First Georgia College Team to advance in Chartered Financial Analyst (CFA) Institute Research Challenge

First Georgia College Team to advance in Chartered Financial Analyst (CFA) Institute Research Challenge

E ven though they were eliminated later, a team of five students were the first from Georgia College to advance to the second round of the Southern Classic Research Challenge, a sub-regional competition in the Chartered Financial Analyst (CFA) Institute Research Challenge.

The annual, global competition rigorously tests university students on their analytical, valuation, report writing and presentation skills. As part of the Southern Classic sub-region, students from Georgia College competed against 25 other universities from Georgia, Alabama and South Carolina. 

After scoring in the top five in the first round, Georgia College advanced to the presentation round alongside teams from Kennesaw State University, Auburn, Clemson and Mercer University. Despite all odds, the team placed third in the presentation round with a score of 86.8 out of 100. Mercer University placed first, and Kennesaw State University placed second. 

Only Mercer University will advance further in the competition this year, but the Georgia College team isn’t discouraged. Made up of five students: junior economics major Lauren Moskowitz, junior economics major Clayton Gardner, junior management information systems major James “Slate” Fluker, senior economics major Nathan Snow and junior marketing major Nick Brooks, the interdisciplinary team is proud of what they’ve achieved.

We, a small school without a finance major, made it to the next round of a global finance competition.
– Lauren Moskowitz

“We, a small school without a finance major, made it to the next round of a global finance competition,” Moskowitz said. “Our goal when we started the competition was to make it to the presentation round. We feel like we prepared very well.”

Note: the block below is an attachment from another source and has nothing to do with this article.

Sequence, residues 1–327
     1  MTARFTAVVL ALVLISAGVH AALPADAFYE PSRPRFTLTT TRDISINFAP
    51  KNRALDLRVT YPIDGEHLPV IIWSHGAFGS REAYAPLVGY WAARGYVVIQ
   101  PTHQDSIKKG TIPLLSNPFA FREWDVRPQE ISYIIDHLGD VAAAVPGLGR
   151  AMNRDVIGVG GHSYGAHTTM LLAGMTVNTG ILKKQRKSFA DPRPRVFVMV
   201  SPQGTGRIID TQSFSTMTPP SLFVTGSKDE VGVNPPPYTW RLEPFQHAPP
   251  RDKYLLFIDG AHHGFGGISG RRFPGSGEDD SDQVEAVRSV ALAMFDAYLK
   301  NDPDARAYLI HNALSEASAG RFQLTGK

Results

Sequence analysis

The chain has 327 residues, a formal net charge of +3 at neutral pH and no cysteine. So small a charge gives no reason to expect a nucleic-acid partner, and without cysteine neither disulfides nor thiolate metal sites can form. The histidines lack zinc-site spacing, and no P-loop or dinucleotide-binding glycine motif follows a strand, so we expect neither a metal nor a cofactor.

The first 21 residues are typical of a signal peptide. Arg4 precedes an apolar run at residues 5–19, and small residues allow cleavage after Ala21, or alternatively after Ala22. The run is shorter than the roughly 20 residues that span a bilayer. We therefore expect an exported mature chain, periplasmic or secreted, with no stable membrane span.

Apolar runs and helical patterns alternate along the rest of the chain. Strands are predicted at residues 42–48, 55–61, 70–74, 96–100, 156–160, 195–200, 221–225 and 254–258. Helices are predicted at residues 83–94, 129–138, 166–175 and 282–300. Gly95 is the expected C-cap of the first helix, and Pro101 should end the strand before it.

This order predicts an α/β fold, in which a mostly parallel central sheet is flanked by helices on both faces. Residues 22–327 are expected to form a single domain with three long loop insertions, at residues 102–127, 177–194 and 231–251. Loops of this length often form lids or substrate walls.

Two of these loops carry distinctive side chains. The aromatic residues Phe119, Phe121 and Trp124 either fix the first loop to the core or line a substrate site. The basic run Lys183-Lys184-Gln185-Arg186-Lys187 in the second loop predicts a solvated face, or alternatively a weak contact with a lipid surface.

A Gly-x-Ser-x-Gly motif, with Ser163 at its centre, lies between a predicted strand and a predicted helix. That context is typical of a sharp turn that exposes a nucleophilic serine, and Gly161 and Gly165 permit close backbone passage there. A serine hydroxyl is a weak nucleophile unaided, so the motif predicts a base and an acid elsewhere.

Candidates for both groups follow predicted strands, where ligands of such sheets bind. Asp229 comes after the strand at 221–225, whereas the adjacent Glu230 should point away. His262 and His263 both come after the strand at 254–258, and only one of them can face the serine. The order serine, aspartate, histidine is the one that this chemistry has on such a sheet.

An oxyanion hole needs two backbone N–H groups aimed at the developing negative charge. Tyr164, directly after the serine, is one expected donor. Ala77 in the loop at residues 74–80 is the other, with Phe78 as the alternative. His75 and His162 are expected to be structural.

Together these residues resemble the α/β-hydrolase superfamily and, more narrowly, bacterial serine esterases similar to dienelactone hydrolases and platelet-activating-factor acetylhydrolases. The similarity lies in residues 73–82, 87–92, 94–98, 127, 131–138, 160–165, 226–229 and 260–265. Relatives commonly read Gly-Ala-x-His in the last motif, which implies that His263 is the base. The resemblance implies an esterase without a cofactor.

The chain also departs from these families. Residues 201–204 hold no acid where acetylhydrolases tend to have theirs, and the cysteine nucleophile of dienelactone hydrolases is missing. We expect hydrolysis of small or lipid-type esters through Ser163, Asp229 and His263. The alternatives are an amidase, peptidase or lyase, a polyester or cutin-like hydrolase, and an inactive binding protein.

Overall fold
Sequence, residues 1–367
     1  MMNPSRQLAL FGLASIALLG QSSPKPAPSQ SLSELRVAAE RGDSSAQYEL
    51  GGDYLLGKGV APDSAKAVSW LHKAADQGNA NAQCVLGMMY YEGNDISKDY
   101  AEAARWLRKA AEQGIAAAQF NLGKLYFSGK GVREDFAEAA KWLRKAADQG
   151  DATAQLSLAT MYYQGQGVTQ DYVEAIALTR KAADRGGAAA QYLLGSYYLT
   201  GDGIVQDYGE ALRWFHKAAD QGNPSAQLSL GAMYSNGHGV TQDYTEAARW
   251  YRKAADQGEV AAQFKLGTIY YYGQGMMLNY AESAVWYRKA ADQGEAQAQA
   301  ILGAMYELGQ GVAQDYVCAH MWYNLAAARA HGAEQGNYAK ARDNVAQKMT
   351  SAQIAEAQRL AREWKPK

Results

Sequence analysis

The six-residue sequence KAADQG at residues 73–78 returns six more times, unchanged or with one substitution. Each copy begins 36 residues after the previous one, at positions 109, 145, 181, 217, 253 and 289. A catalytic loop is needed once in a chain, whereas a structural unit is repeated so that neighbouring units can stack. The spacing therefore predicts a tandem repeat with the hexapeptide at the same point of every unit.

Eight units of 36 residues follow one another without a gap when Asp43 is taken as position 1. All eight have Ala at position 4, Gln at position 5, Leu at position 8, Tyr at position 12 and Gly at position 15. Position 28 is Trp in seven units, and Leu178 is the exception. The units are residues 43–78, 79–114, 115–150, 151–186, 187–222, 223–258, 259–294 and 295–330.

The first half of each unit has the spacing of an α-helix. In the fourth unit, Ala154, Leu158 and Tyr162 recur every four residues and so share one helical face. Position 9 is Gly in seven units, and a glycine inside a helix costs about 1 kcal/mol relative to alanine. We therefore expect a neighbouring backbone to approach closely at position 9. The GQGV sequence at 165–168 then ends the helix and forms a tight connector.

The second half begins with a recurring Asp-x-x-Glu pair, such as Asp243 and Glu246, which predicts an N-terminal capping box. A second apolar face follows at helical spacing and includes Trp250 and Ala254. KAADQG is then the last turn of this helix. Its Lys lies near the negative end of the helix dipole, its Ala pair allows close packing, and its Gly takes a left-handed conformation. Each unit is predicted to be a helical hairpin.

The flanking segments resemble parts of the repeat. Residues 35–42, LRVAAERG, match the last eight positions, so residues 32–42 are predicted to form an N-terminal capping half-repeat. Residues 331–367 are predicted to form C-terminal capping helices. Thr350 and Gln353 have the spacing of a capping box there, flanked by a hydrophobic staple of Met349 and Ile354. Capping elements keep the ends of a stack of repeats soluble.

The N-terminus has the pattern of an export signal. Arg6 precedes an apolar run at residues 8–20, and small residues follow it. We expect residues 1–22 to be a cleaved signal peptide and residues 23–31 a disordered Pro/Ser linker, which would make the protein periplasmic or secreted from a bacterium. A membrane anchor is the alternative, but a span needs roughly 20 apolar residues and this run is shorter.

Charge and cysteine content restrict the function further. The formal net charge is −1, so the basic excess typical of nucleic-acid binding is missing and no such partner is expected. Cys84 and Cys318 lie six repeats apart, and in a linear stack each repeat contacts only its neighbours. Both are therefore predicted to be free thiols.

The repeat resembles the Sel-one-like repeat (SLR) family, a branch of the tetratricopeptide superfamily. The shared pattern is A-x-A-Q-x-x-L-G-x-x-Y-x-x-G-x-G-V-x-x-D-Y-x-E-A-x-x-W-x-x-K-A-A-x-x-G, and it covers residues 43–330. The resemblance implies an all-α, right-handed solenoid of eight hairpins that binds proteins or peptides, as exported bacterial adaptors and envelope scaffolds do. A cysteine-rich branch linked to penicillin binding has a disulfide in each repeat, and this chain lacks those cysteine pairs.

Team photo (left to right): Slate Fluker, Nick Brooks, Lauren Moskowitz, Nathan Snow, Clayton Gardner.
Team photo (left to right): Slate Fluker, Nick Brooks, Lauren Moskowitz, Nathan Snow, Clayton Gardner.

The students, selected in September of 2021, were tasked by the CFA Institute to analyze the entire financial picture of a designated company, and provide a recommendation to judges on whether stock should be bought, sold or held. This grueling work, completed over months of balancing other commitments, resulted in a 20-page financial analysis report. 

The report was graded by judges from companies like Truist and JPMorgan. The Georgia College team made it to the presentation round by beating out teams from schools like the University of Alabama. The third team from Georgia College to compete in as many years, they were the first from the university to advance to the next round for presentations. 

They learned the news in a finance class. Snow was out sick when Gardner received the notification. 

“We were all freaking out,” Moskowitz said. “After we shared the news the whole class started cheering. They knew how much time and effort we’d put into it. 

Their advisors, Dr. Isarin Durongkadej, assistant professor of finance, and Dr. Leng Ling, professor of finance, could only provide the team with 10 hours of help. 

“The students have a limited knowledge as opposed to a finance majors with 30 credit hours of experience,” Durongkadej said. “I think it’s a huge accomplishment. I can’t believe they’ve had this much self-discipline. I’m so proud of them.”

Durongkadej selects students for the challenge every September, encouraging all majors to apply. By taking part in the challenge, students gain real-life knowledge of stock and financial analysis. They get access to an industry mentor and networking opportunities at large financial companies, he said.

Students who advance are also made part of a resume book, which is sent to employers for networking and employment opportunities. The demanding, real-world work helps students discover whether they truly want to work in finance. 

“We all got together and the students told me, ‘I feel so empty now,’” Durongkadej said. “I think that’s good feedback, meaning they put a lot of time into the project and enjoyed it.”

“It sounds like they want more projects,” he said with a laugh.